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Texting ban starts July 1


New law could be challenge for local law enforcement officers



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June 30, 2010
TRI-CITY AREA — On Thursday, July 1, Michigan will join 27 other states that have enacted legislation to prohibit texting while driving.

Under the law, texting behind the wheel will be classified as a primary offense. As a result, offenders can be pulled over and fined up to

$200 for text messaging. Despite a consensus in law enforcement that text messaging and driving is dangerous, some feel enforcing the new law may be difficult.

"There's no doubt that text messaging and driving can be a distraction," says Almont Police Chief Pat Nael. "We hope the law will discourage some from doing it—but it's going to be a tough law to enforce."

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While the state’s new ban on texting and driving may be difficult to enforce, local law enforcement officers hope it will curtail the dangerous activity. photo by Tom Wearing.

Nael said police can always request search warrants to subpoena motorists' cell phone records, but challenges in court could be problematic.

"If we can't prove that an accident occurred at the exact time someone was texting," he said, "it could be tough. It will be a very difficult thing to prove."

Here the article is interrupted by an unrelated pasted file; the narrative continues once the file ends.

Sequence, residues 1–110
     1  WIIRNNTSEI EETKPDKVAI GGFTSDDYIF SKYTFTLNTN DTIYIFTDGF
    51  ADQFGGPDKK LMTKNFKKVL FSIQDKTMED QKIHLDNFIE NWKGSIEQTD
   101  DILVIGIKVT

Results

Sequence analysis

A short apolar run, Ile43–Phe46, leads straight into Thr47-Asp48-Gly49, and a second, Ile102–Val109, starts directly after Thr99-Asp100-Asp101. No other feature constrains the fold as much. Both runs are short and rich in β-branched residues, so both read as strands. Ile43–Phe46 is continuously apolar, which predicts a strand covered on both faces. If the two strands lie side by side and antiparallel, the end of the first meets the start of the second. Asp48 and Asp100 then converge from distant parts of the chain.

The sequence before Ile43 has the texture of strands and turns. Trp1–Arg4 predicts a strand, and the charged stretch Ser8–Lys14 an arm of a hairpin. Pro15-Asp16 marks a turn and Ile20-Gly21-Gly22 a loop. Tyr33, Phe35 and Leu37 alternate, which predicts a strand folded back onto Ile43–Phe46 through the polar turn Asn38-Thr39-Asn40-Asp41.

Regardless, Nael hopes the majority of motorists will use common sense and choose to avoid texting while driving.

"It's obviously not something people should be doing," he said. "We hope the law will deter some people who don't want to take a chance on getting a ticket."

Sgt. Shawn Peters, a Dryden police officer for nine years, notes a number of cases where texting and driving have led to accidents and injuries.

"We've had several accidents where distracted driving has been a factor," says Peters. "Even just the use of a cell phone can be distracting.

"We had one driver who knew the road he was driving well," he says, "but veered off, hit a tree and was severely injured. We believe that was a direct result of being distracted while using a phone."

Peters says young people ages 16-25 are more likely to be texting behind the wheel, although older drivers are quickly joining their ranks.

"Generally, it is the younger people," he says, "but it's a practice that is growing among older people.

"Some are now using their I-phones to go on line, which is even worse because they're spending more time looking at a screen.

"It will be tough to enforce, but we hope we can stop the trend from getting worse," says Peters. "If you need to text, just pull over. It's a simple solution."

Nael is convinced the texting issue will eventually be resolved through the evolution of technology.

"We may be able to adopt technology that would automatically shut down a phone when a vehicle is traveling at a specific rate of speed," Nael speculated. "The technology probably already exists."

National Highway Traffic Safety Administration findings from 2008 attribute nearly 6,000 deaths and 500,000 injuries to distracted driving habits, including texting. Additional findings show that texting drivers are 20 times more likely to be involved in a crash than non-distracted drivers.

Tom Wearing started at the Tri-City Times in 1989, covering the Village of Capac as a beat reporter. He later served stints as assistant editor and editor. Today, he covers Imlay City and Almont as a staff writer. He enjoys music and plays drums and sings with various musical groups in the Detroit Metropolitan area.
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